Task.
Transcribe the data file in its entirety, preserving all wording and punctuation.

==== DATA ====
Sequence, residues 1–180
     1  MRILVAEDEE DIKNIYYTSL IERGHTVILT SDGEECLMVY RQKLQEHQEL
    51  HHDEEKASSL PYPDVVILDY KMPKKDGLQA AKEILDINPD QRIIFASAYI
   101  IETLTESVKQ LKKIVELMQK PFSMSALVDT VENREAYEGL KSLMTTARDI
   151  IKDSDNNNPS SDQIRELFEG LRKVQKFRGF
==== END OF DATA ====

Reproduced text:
Sequence, residues 1–180
     1  MRILVAEDEE DIKNIYYTSL IERGHTVILT SDGEECLMVY RQKLQEHQEL
    51  HHDEEKASSL PYPDVVILDY KMPKKDGLQA AKEILDINPD QRIIFASAYI
   101  IETLTESVKQ LKKIVELMQK PFSMSALVDT VENREAYEGL KSLMTTARDI
   151  IKDSDNNNPS SDQIRELFEG LRKVQKFRGF